Tuesday, March 30, 2010

Living In The Past

"Do not love the world or anything in the world. If anyone loves the world, the love of the Father is not in him. For everything -the cravings of sinful man, the lust of his eyes and the boasting of what he has and does-comes not from the Father but from the world. The world and it's desires pass away, but the man who does the will of God lives forever." 1 John 2:15,17

Do you ever wish you could stop time, or turn it back? Well, here are a people who have actually done that. I took these pictures in Harrisonburg, a city about a half hour drive away. They are things we see on a typical trip there. Harrisonburg is home to a large population of Amish. The plain building in the first picture is an Amish church. The next picture is the church parking lot, full of hitching posts for the horses. They are an amazing people, full of fortitude and unending forgiveness. When Amish children were shot and killed in school a few years back, the Amish parents actually went to the shooter's family, held and comforted them, and went to the shooter's funeral. Do you think living in the past is a good way to witness? Jesus went to parties and hung out with tax collectors. He traveled and mingled. We are supposed to be a light in this world, but can we do that if we are cloistered and separated? They certainly did that with the example of the school shootings. They live this way to be a people set apart. Are there other ways we can be set apart, yet continue to do the work of God? Does it need to be all or nothing at all? I think we can be a powerful force for God, and still continue to live in the present.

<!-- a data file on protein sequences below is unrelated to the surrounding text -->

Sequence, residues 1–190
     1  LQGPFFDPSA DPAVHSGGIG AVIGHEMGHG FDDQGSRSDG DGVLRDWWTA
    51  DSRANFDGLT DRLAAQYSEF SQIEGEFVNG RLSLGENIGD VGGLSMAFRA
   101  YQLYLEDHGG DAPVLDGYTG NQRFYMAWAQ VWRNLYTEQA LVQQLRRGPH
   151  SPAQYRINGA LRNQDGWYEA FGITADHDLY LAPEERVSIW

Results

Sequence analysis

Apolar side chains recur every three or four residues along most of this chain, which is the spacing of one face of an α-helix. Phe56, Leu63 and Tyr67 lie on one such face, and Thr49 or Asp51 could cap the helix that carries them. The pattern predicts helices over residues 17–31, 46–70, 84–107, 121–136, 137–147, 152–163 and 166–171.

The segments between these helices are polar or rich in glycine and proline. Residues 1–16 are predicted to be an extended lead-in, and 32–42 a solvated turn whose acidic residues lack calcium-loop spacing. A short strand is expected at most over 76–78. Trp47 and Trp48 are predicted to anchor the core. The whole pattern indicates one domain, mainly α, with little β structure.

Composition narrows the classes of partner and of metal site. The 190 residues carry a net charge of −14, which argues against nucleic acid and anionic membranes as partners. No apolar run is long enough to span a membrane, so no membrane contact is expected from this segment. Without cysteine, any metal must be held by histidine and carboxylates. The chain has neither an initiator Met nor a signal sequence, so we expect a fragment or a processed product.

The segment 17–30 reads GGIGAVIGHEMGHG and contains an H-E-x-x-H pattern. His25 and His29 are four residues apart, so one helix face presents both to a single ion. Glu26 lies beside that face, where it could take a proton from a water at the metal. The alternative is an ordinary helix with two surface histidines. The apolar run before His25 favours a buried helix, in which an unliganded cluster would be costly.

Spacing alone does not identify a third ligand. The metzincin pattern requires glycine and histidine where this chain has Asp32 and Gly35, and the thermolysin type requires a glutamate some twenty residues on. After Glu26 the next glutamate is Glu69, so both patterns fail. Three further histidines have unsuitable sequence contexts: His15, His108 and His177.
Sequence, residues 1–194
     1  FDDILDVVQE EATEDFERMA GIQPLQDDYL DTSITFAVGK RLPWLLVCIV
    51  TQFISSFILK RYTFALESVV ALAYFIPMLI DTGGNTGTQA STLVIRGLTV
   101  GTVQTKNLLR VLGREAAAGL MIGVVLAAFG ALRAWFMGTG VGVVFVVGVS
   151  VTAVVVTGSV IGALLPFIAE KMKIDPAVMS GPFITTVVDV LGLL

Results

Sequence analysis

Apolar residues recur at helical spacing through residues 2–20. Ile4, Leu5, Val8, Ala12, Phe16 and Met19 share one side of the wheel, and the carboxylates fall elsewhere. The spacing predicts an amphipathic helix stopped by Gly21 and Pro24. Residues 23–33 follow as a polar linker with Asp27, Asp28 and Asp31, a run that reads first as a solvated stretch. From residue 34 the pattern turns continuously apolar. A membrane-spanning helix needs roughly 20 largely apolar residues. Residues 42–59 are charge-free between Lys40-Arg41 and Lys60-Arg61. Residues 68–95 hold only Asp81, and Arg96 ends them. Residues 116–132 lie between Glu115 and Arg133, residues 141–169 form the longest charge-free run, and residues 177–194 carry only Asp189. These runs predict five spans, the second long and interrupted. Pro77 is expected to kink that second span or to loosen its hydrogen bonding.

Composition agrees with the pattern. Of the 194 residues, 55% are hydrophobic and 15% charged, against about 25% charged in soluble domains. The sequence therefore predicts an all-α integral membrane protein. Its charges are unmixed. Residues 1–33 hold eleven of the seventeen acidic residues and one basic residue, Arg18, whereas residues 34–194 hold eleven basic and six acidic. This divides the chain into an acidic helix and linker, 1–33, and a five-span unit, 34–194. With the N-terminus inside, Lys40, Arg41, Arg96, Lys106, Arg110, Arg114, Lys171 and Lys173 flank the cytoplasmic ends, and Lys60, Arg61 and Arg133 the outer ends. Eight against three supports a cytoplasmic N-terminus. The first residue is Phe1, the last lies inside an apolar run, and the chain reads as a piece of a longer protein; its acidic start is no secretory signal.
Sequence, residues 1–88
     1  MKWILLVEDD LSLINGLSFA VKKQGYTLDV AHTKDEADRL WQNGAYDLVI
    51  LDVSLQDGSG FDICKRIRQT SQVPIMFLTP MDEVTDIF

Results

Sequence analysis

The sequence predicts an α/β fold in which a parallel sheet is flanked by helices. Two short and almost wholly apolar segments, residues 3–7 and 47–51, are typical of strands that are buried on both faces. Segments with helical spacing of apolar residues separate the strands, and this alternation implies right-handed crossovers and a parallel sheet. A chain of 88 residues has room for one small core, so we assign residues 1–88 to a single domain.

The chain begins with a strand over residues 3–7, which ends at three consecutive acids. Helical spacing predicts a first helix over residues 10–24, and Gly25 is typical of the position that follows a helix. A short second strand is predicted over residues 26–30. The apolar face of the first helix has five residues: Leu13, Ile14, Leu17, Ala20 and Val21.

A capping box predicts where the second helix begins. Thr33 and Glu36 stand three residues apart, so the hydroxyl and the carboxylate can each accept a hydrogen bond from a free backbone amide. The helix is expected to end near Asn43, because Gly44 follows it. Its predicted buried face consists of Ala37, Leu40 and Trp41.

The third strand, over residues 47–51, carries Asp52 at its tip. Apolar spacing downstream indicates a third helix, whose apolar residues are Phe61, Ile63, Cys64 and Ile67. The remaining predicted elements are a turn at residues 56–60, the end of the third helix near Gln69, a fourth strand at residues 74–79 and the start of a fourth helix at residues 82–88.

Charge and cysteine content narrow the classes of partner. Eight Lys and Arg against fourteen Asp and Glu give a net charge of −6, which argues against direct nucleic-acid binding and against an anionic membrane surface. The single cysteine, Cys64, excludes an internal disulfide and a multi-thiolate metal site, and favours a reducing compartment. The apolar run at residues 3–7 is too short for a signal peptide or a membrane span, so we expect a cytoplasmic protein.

"If you belonged to the world, it would love you as it's own. As it is, you do not belong to the world, but I have chosen you out of the world." John 15:19


SquirrelQueen said...

The Amish are a remarkable people. Great photos Ginny and I really like you new header.
PS, did you see the reply Suzie left for you?

Betsy from Tennessee said...

I admire the Amish SO much, Ginny, and think we could all learn from them. They work hard and never expect a handout of any kind from anyone.

I remember that horrible school shooting and even wrote a blog about it (on my last blog site--which is now gone)...

Tell us MORE.
The header is GREAT.

DawnTreader said...

I've only seen the Amish in movies and documentaries. "Witness" is one of my favourite movies and I suppose it shows a lot of the "clash" between the Amish vs the modern way of living. I couldn't live their life but if it works for them... I do think there are different ways to be "set apart" though and it can't really be judged from the outside.

Sandra said...

I just had a first, i typed a really long comment and when i clicked publish it gave me error, dod not go to this site,it is not reccomended. i went anyway and came back with my comment gone. now i can't remembe what i said. love the post, love the WM sign with the buggy crossing sign, REALLY love the header. I have often wondered if it is a good thing to be like the Amish and I know it would not work for me. my answer is I don't know if they should or should not be that separated.

Beverly said...

I didn't think the Amish had church buildings.